According to the conservancy’s website, there is no safe pedestrian access to the tunnel housing Trenton Doyle Hancock’s Destination Mound Town. It is only visible from the train, but is far too busy to appreciate in the few seconds it takes the train to pass through. This is actually good; the piece is permanent, and thirty years of tiny train rides won’t wear out its surprises. I can imagine my grandchildren pointing things out to me that I hadn’t noticed.
If you just can’t wait thirty years, there’s no “keep out” sign on the tunnel (yet), and the Art Critic’s Code turns a blind eye on harmless trespass in the service of knowledge. Wide Astroturf walkways on both sides of the tracks make for perfectly safe, leisurely viewing.
Destination Mound Town is a mural crawling with fine art and cartoon references, odd characters, and funny ambiguous situations. Hancock has masterfully captured the creepy hyper-happiness of carnivals and arcades, hinting at the dark scatological humor so abundant in his other works while keeping it family-friendly. I was disappointed that it wasn’t an original painting — the piece is digitally printed onto wallpaper — but then, I wasn’t supposed to get close enough, or stay long enough, for it to matter.
The Rice University Building Workshop‘s Convergence isn’t quite a building, nor is it good art. About the size and shape of a bus shelter, it’s an aimless geometric toy standing near, but not on, the Metro light rail line. Parallel plastic-coated cables in steel frames form harp-like planes, but are too loose to pluck, and too thin to offer any shade. I suppose you could sit on the concrete blocks anchoring the thing, but why would you want to?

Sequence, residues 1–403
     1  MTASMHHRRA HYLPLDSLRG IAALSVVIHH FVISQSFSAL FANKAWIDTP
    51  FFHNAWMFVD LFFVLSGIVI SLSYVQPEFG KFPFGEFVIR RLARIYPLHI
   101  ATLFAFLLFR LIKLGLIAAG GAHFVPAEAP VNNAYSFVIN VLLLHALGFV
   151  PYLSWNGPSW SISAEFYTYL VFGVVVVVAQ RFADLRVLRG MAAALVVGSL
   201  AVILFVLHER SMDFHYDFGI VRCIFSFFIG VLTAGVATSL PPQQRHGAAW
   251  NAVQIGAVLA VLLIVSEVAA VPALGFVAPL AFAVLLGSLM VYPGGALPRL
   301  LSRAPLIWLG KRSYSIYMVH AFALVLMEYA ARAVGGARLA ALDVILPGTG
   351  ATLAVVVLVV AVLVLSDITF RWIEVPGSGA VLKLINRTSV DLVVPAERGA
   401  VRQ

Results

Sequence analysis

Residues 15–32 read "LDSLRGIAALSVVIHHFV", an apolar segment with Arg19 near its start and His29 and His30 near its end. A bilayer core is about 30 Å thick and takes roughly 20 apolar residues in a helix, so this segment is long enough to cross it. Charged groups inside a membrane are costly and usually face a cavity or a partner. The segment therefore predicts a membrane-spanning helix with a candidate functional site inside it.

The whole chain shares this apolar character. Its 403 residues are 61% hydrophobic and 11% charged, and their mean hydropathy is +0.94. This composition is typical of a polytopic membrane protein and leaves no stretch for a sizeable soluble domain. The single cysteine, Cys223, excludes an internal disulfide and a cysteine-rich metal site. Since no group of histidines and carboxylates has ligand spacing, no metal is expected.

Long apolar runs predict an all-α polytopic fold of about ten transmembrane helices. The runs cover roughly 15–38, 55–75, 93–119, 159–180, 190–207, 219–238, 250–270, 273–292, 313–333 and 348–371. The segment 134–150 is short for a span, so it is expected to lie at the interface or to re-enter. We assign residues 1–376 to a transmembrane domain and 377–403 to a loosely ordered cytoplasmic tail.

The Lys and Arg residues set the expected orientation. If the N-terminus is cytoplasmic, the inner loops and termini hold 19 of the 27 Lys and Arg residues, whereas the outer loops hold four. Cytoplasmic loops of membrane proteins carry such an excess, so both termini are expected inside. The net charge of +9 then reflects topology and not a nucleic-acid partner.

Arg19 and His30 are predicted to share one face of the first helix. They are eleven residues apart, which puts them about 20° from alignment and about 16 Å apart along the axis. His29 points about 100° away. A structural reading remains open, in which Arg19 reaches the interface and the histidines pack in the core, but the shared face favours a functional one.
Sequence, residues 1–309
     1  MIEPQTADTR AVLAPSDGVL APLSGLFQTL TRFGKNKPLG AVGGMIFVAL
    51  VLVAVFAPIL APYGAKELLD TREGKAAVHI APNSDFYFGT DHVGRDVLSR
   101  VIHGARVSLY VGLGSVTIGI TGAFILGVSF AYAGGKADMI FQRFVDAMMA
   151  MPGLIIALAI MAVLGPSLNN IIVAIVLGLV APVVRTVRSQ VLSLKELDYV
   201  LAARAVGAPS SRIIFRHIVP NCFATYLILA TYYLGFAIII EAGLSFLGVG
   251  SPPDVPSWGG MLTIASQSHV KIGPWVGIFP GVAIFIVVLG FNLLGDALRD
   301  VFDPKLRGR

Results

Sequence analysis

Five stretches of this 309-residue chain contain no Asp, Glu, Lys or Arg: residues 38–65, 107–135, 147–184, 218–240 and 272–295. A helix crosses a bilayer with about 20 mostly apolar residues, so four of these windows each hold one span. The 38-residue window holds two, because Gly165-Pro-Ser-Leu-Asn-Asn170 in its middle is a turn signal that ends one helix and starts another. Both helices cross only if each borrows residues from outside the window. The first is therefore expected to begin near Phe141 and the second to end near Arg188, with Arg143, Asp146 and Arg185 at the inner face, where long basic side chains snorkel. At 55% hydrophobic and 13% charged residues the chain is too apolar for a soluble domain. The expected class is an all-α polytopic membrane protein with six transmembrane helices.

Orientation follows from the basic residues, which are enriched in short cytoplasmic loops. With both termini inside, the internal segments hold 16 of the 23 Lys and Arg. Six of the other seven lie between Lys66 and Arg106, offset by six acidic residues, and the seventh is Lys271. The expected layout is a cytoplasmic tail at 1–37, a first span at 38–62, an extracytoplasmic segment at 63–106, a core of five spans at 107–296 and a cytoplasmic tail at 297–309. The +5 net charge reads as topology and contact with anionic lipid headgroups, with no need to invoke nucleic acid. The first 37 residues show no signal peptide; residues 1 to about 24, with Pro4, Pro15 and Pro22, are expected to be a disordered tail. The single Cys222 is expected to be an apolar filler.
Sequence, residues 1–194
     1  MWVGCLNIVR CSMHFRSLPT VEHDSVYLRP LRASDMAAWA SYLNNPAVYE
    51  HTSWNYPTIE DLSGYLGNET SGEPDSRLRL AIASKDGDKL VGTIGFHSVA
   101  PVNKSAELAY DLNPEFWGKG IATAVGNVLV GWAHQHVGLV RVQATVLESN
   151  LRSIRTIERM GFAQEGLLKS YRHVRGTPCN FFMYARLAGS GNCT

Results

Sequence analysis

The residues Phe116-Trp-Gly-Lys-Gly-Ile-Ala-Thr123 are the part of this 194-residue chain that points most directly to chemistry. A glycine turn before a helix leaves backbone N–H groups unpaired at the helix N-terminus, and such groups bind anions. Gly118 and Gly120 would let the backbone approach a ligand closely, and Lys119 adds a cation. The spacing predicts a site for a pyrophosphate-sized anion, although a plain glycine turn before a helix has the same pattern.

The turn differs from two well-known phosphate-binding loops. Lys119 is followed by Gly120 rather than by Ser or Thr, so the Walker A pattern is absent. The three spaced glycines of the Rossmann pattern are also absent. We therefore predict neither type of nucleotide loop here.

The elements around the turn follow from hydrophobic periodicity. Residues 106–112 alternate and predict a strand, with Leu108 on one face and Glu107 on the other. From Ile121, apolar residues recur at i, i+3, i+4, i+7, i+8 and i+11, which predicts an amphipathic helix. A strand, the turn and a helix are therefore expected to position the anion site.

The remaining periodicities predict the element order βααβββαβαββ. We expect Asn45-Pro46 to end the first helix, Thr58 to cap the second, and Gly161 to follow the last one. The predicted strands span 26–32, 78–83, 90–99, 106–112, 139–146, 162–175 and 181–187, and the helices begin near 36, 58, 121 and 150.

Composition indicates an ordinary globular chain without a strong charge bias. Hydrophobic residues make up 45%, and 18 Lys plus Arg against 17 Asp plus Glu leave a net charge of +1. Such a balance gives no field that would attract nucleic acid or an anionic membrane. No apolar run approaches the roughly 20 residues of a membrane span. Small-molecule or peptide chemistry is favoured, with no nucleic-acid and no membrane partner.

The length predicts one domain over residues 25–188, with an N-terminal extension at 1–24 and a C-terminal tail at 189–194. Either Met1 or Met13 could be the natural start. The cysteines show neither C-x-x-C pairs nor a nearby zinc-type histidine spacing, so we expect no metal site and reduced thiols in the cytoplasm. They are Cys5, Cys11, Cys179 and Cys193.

I don’t think it’s fair to critique art for not living up to its artist statement, but the blurb about this piece on the Conservancy’s website reads like a geometry problem written in Architect-speak, and illustrates the wrong-headed thinking that leads to these kinds of insensitive abominations.
“Situated within four existing trees, the pavilion is composed of a quadrilateral ground plane containing integrated benches and, rotated above the base, a triangular frame. The cast concrete benches for seating are engineered to act as foundation elements (taking the place of costly and invasive footings). The triangulated steel structure is designed to provide a rigid framework and to visually extend into the lower tree canopy. The infill of woven cord gives a sense of enclosure and operates as an ephemeral scrim to the larger site beyond.”
In a bygone age, the piece’s arbitrary geometry might have symbolized the hope that technology would build a better world, but today it’s just a depressing reminder of how much of our built environment is composed of similarly unloved and unresponsive structures. I’ll take Patrick Dougherty’s Boogie Woogie over this anytime.
Bill Davenport is the Texas Editor-in-Chief of Glasstire.